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Wednesday, April 24, 2024

Potholes threaten marching bands

Norway’s long and cold winter this year has left streets all over the country full of potholes and asphalt that’s buckled up. The situation is so bad in some places that it’s raising concerns for marching bands tuning up for parades on the 17th of May holiday.

Children and many others out marching in parades on the 17th of May may need to watch their step because of road damage after a long winter. PHOTO:

“We’re afraid some people will be injured,” Finn Forsberg, who’s played in musical corps for nearly 50 years, told state broadcaster NRK. He now leads a children’s marching band in the southern city of Skien, where the main street called Torggata is now full of hazards created by the winter’s snow, ice and shifting temperatures.

“The worst that can happen is if children stumble in the potholes. If the instruments hit the ground first, it can quickly crack a tooth or two.” Forsberg also noted that the instruments themselves cost thousands of kroner and can be damaged.

The national federation for brass bands and other drum and bugle corps, Norges Musikkorps Forbund, is trying to remain optimistic that repairs can be made in the most critical areas. “There’s a lot that the musicians have to be thinking about (while playing and marching), so it clearly becomes more difficult if you need to also watch where you put your feet,” Finn Arne Dahl Hansen of the federation’s southern region told NRK.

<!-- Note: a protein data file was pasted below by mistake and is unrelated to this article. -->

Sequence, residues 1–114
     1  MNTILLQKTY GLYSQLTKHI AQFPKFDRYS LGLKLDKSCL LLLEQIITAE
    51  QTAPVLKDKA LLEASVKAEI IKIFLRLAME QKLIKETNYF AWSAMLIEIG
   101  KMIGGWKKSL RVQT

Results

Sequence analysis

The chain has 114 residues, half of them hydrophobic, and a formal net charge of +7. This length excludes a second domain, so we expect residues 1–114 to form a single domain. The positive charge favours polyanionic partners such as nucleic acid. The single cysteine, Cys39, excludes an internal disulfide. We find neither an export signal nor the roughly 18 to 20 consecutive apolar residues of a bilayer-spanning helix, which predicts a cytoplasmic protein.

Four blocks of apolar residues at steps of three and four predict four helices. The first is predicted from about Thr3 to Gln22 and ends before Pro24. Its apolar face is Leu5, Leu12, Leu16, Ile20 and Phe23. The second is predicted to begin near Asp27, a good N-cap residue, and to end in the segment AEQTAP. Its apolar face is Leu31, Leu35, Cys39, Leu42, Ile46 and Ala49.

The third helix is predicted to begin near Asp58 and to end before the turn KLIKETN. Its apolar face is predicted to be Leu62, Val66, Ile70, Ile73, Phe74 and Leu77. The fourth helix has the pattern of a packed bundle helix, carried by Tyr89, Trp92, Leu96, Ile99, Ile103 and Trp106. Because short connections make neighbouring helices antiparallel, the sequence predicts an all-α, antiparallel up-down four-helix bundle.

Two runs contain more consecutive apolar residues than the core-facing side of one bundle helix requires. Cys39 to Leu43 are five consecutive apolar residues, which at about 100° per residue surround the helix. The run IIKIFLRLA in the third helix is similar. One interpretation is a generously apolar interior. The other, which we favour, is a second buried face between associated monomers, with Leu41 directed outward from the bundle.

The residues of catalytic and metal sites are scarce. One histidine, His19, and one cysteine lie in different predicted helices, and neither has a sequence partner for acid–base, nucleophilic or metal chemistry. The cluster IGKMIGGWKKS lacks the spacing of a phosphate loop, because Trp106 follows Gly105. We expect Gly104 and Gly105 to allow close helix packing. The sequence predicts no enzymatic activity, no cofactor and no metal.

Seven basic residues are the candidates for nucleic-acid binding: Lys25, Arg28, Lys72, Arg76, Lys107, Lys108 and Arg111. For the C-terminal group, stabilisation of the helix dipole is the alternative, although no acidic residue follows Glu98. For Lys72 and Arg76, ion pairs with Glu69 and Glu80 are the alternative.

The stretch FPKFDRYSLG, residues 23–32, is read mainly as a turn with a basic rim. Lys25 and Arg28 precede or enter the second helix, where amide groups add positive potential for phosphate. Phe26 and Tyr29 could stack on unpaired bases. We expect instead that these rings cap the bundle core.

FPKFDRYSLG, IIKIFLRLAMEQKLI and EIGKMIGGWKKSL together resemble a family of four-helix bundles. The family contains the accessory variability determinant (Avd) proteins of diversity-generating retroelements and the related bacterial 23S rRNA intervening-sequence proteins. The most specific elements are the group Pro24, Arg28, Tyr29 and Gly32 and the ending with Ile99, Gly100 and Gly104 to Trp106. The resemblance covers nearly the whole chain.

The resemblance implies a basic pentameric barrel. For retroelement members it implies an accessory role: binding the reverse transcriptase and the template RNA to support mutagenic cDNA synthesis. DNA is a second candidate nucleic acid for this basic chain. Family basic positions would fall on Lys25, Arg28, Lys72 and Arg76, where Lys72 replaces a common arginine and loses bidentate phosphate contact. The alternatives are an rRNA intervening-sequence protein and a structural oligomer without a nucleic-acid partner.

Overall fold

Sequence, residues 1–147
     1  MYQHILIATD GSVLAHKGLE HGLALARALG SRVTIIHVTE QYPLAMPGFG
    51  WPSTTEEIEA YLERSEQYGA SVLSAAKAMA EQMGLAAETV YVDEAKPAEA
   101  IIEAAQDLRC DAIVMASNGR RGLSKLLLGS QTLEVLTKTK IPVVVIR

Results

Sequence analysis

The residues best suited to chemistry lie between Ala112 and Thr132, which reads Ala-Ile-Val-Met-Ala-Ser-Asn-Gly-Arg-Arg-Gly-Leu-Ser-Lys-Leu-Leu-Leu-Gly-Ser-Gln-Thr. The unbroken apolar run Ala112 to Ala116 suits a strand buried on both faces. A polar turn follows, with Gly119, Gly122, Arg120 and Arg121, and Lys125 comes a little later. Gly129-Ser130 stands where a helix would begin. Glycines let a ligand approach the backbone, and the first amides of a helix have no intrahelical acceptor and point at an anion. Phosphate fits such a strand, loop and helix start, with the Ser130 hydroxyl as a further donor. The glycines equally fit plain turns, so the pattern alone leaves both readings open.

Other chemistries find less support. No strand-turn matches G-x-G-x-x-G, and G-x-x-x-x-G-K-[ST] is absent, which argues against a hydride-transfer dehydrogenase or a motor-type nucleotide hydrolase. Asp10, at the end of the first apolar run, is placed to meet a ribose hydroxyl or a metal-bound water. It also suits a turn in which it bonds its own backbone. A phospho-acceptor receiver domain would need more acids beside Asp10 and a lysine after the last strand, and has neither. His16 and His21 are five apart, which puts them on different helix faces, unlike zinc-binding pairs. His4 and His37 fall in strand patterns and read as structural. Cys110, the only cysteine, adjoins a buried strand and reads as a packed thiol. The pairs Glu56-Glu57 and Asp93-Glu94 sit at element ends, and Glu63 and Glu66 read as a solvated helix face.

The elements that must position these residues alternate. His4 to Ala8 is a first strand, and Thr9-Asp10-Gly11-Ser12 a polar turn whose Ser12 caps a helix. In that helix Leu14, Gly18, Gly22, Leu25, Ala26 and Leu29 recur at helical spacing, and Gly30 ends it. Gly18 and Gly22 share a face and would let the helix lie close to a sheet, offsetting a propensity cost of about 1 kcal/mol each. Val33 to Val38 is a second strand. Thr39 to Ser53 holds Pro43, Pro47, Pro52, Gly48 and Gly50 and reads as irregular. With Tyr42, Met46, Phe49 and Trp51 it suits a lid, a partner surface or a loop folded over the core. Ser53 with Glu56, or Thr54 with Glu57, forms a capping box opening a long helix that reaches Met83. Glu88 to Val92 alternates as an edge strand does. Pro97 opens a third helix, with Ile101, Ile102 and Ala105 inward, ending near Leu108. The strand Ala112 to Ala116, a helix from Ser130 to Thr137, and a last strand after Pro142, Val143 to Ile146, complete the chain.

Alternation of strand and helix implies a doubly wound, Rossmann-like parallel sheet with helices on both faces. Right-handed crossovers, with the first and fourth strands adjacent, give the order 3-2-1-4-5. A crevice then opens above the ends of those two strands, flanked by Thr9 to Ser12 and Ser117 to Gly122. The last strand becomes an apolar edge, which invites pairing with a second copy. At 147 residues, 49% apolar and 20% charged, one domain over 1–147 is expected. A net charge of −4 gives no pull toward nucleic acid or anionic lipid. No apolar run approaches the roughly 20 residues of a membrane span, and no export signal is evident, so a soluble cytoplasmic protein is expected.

Hansen said he hadn’t yet detected “any collective concerns about this,” but added that it’s much easier to march on smooth streets. “We all want good streets and roads, because that results in extra good music,” Hansen said.

With snow falling as late as a week ago in some areas, local officials haven’t been able to repave streets or make other repairs. “We normally get a lot done before the 17th of May, but this year there are delays because of the late winter,” said Bjarne Skauen, a senior engineer in the City of Skien’s operations department.

He said city authorities are well aware that many local roads are “ugly and damaged” after some tough winter months. “But we’re already working on filling potholes,” Skauen told NRK. “Then we’ll go over the entire parade route and make sure the streets are fixed by the 17th of May. I understand that some of the band members are worried, but this will go well.” Berglund



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